Apparently, all of the people who were predicting that Android would kill off iOS devices by now were a little too hasty in their predictions as Neilsen is now reporting that iOS has, more-or-less, clawed its way back to the point where its sales, in the U.S., almost match's those of all Android devices combined. Android still maintains its lead, but just barely, with some 48% of the market compared to iOS's 43%.
As you can see in Neilsen's chart above, iOS sales for new smart phones have increased rather sharply despite predictions of some Android worshipers who prophesied its death by now. That hasn't happen yet, but it more-or-less seems to be what's happening to Nokia, Microsoft's Windows Phone and, as we all know, Research In Motion and its beloved BlackBerry. In fact, Android and iOS together can now claim over 90% of the smart phone market in the U.S.
iOS's sharp rise can be attributed, in part, to the iPhone 4S and iOS 5, and its much smoother and better performance, but also probably because people are discovering the many problems that go along with Android, such as its security, or should I say its lack there of, and its app market that pales both in the quality and in the numbers of apps compared with that of iOS, and, of course, last, but certainly not least, Android's infamously big problem with fragmentation.
Android's fragmentation is so bad, in fact, that it means that its latest and greatest OS isn't even available yet on most Android devices. Truth is, however, that Android's latest OS version, ICE, or Ice Cream Sandwich, is now beginning to explode ..... almost doubling in its use, from 1.6% of all Android devices to a whopping 2.9%!
Wow, ICE after all this time has barely managed a measly penetration of less than 3 bloody percent! This is amazing considering that so much time has passed that Google is now readying its replacement, Jelly Beans, which would mean that anyone who finally upgraded (the few lucky ones that is) will still be running an older and outdated version of Android in a few months or so.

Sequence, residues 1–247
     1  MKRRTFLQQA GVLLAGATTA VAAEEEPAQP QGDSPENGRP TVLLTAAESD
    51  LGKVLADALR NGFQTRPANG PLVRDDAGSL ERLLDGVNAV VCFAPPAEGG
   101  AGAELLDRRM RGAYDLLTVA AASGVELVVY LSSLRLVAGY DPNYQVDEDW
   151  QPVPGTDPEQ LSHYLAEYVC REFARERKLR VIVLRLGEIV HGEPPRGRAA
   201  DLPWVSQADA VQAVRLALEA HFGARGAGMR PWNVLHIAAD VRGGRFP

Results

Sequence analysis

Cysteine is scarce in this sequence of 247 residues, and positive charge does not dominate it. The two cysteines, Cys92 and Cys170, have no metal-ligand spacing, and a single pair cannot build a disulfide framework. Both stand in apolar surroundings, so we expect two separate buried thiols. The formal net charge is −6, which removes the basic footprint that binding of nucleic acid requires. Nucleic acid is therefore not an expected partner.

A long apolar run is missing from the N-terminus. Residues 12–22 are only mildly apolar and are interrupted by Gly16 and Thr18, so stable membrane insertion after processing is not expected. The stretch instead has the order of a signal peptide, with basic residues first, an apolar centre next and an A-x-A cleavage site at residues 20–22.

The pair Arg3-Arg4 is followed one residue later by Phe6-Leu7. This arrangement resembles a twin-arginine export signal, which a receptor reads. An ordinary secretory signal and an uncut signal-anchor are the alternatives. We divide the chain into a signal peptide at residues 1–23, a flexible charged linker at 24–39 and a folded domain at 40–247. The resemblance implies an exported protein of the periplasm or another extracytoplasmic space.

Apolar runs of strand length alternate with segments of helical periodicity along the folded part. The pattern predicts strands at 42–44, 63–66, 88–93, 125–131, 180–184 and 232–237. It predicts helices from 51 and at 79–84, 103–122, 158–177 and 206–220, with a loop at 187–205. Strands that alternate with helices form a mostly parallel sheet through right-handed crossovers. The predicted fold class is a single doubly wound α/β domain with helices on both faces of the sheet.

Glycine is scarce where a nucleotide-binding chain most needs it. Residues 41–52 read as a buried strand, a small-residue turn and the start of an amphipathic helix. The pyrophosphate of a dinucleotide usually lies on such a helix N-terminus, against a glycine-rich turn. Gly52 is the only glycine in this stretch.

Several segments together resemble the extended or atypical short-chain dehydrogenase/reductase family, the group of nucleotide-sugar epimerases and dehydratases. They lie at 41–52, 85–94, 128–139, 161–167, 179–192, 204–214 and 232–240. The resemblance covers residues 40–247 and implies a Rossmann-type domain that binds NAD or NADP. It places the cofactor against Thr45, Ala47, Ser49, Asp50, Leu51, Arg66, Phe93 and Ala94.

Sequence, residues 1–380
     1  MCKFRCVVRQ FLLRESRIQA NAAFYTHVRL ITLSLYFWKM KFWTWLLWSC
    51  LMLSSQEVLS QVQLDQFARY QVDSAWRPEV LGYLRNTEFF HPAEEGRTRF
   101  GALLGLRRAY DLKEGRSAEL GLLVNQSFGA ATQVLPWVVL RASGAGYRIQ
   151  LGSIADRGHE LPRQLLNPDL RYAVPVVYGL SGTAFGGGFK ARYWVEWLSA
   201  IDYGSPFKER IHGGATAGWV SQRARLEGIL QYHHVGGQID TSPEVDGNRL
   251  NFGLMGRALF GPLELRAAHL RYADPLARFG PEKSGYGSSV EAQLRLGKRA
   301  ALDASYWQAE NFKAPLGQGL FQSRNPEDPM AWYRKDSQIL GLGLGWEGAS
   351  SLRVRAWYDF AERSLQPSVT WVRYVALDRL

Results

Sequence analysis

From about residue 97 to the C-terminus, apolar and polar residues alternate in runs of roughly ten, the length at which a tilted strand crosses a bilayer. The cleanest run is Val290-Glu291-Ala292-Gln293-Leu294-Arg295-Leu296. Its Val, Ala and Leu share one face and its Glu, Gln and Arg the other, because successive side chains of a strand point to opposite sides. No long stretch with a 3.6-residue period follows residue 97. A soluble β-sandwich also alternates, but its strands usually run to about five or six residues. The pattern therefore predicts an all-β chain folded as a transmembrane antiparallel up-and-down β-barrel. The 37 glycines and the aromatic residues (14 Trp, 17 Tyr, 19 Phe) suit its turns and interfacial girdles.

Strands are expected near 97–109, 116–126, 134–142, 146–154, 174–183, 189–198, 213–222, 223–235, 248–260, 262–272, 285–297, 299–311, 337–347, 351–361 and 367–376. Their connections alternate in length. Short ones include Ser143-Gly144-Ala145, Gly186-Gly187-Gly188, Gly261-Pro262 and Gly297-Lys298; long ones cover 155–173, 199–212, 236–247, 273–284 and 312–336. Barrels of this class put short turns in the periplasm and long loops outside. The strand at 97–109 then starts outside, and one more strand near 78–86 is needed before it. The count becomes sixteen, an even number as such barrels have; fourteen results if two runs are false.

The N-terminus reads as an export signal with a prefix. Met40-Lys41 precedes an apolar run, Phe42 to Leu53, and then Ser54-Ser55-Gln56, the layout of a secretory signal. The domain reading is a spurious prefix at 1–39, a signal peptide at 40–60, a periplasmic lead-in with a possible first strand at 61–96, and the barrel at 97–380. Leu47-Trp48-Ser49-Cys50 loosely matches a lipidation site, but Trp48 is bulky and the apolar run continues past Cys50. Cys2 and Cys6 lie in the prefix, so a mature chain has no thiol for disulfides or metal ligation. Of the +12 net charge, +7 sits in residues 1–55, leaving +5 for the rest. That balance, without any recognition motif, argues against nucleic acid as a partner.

Ginger Bread, Android's now much older OS, amazingly still commands a whopping 63 plus percent of all Android devices. Most new Android phones, I believe, come with Ginger Bread on board, not ICE! In other words, owning the latest Android hardware doesn't guarantee that you'll necessarily end up getting the latest Android OS along with it. Most new Android phones are still running on and older version of the OS, and all thanks, in part, to its wide spread issue of fragmentation. Google, with Motorola Mobility, could always reign Android in, much as Apple does now with iOS, but even though that would mean that even though Android's quality would go up, and its fragmentation likewise would also go down, so too, in all probability, would Android's sales also go down as well, since it would mean that Android's so-called open nature , one of its so-called biggest and best features, would be hardly anything but, except maybe in name only.
In conclusion, is it any wonder, when it comes to Android, that people like Jason Perlow would write: "I'm sick to death of Android", because, as he also points out, in a recent update:
"Google has begun rolling out Android 4.0.4 updates for selected Nexus and Wi-Fi Motorola XOOM hardware, but not the Verizon LTE Galaxy Nexus yet.]
So the bottom line is, as a consumer, how much is one willing to tolerate this? If someone like me who is an astute observer of the industry has to do such intense research on which Android device to buy based on the potential for ongoing support and then ends up getting burned in the process, what is the average consumer to do?"
And that's my 2 cents 4 this mild, but cloudy Wednesday, April 04, 2012